Someone makes a mark. Someone else responds with another. A few moments pass. Perhaps there is one more gesture to be made, a pull of black ink across blue paper. Silhouettes against the sky. Then, a flicker of ink. Somehow—wordlessly, alchemically—the drawing is done.
THE WEATHER IS NOWADAYS CRAZY, an exhibition by Etel Adnan and Lynn Marie Kirby on view at Cushion Works through January 29, is a dialogue. Adnan and Kirby collaborated on a set of drawings in Paris in 2018, abstractions of black India ink on two shades of blue paper. The artists worked on each drawing simultaneously, adding marks on the paper until both felt the drawing was complete. These exhibited works are a conversation between the artists, speaking in brushstrokes in lieu of words.
As if windows, Adnan and Kirby’s drawings invite viewers to peer into their abstract worlds. Theirs is a language that only close companions can know. It can be tempting to seek recognizable shapes in each drawing, hoping to find a visual code of sorts. Perhaps one might find a question mark in one drawing, or a moon, or a coastline. However, the drawings ultimately elude such efforts to decode. Instead, Adnan and Kirby draw closer to sound than image: their lines and shapes form elongated notes, syncopated beats, and raspy whispers.
Etel Adnan passed away in late 2021, less than a month before the show would open. For Kirby, the spirit of partnership had to stay at the core of the exhibition to see it through. Adnan and Kirby were longtime friends, working together for over twenty years on a variety of interdisciplinary projects. THE WEATHER IS NOWADAYS CRAZY moves forward in the spirit of this relationship. Kirby organized four live, site-specific activations, again working with close collaborators across writing, dance, music, and art, to speak alongside the exhibition.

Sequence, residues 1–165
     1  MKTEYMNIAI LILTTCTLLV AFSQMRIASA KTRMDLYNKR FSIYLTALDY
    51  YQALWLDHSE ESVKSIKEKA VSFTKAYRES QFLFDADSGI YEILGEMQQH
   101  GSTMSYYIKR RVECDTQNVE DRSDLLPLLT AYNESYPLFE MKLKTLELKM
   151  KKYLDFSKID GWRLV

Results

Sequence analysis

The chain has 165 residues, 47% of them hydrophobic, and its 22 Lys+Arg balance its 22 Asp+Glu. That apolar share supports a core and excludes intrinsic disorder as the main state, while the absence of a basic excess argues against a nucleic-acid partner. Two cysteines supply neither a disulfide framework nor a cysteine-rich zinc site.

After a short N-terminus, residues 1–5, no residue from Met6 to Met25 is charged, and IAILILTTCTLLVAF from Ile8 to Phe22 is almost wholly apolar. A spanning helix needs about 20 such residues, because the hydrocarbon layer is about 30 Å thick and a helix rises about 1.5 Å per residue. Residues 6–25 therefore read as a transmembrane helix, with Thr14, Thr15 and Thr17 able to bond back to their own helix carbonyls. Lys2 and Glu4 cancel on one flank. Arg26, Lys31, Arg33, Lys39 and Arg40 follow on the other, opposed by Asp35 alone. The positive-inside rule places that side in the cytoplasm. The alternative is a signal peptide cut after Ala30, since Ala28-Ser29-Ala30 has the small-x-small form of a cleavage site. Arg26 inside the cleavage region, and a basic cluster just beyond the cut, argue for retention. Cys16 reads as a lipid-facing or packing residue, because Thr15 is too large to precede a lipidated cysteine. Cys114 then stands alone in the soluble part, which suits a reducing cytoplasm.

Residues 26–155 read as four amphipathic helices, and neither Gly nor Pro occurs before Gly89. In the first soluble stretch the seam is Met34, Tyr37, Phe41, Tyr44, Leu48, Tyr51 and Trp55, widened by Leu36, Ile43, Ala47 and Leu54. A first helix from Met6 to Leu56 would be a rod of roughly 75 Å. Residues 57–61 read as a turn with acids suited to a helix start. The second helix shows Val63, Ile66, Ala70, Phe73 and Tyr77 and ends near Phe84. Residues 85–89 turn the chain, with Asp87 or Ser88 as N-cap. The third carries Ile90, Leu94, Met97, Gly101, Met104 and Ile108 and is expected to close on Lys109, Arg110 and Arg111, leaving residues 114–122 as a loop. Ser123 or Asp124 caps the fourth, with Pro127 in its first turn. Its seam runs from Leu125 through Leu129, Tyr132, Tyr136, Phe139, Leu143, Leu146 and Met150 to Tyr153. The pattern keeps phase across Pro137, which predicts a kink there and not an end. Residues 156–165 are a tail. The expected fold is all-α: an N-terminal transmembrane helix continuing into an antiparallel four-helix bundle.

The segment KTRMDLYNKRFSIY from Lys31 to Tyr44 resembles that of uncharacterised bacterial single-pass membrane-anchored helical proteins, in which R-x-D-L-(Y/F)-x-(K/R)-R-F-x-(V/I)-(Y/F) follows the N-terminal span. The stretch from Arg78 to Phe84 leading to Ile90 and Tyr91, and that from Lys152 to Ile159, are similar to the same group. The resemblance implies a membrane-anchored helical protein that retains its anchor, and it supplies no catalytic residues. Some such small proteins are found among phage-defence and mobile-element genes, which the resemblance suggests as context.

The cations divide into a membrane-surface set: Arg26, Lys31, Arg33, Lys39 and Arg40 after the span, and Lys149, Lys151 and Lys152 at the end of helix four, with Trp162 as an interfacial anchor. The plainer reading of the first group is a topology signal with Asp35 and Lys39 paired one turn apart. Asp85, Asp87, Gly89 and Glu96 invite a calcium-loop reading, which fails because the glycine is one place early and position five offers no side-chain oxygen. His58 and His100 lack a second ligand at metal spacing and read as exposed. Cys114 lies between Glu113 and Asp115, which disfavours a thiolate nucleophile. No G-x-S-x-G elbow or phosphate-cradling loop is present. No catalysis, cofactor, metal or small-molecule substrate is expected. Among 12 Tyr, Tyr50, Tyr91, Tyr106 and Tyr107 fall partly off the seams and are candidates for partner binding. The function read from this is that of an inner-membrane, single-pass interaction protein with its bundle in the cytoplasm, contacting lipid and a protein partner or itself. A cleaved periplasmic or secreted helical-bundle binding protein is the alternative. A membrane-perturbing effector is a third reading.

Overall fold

These multivalent activations continue the dialogic nature of the drawings, and provide much-needed space for viewers to gather together in this time of prolonged separation. They invite viewers to reconnect with familiar spaces, to see anew spaces for gathering and creation.
On a Saturday afternoon in mid-January, a crowd formed at the entrance to Cushion Works, filling 18th street with the warm hum of friends, colleagues, and strangers meeting after much time apart. As the sun faded to twilight, a spotlight was lit, the crowd quieted, and a cellist began to play. Without words of introduction, a dancer began to move at the doorway, followed by the light. Across the street, opposite the iconic Whiz Burger, a live video projection of the scene filled the side of a building. “a line and two shakes” was the second activation in the series, featuring cellist Mia Pixley, dancer James Kirby Rogers, and video artist Kedar Lawrence.
The score to the work, to which these artists responded, was composed by Kirby and Simone Bailey, and distributed at the event as a newsprint broadsheet. Words from the score like creak, shuffle, and thump could be felt in Pixley’s rhythms and Kirby Rogers’ movements across the street. Lawrence’s drone swept and buzzed over the scene, simultaneously filming and projecting the performance in a disorienting mirror of real-time.
Last weekend, Kirby presented “i am a lover of the Night & i am a lover of the Moon,” an in-gallery play performed with writer Denise Newman and percussionist Tom Hemphill. Hemphill filled the space with ebbs and flows of sound: at times cacophonous with drums and bells, and other times playing barely above a whisper. Kirby and Newman performed the two characters of the play, whose script consisted of text fragments from sources like Etel Adnan’s book of poetry Moonshots and archives of the Apollo 11 moon landing. They often repeated the same lines, sometimes synchronously and other times a few beats out of step with each other.
Viewers faced towards a video projection, falling into an image of the cosmos overlaid with abstract images of color and light. Within this event’s broadsheet, text encircles an image of moon phases. One line reads, “Moon only speaks to her favorite lover, Night. They discuss the possibility of eternal darkness.”
The final activation, “walk to walk,” takes place this Sat/29, on the exhibition’s closing weekend. With artist Christoph Steger and composer Anne Hege, the event will present “a site-inspired media intervention generated from walks, marks, and glyphs.”
THE WEATHER IS NOWADAYS CRAZY reminds us to continually connect and reconnect with the people and places around us, that what we create together can be so much more than the sum of our parts. Remembering that one need not work alone is particularly salient these days, as so many of us have been long separated from loved ones, collaborators, and comrades. One of the greatest powers of art, truly an alchemical force, is the potential energy of polyvocality.
THE WEATHER IS NOWADAYS CRAZY runs through January 29 at Cushion Works, SF. More info here.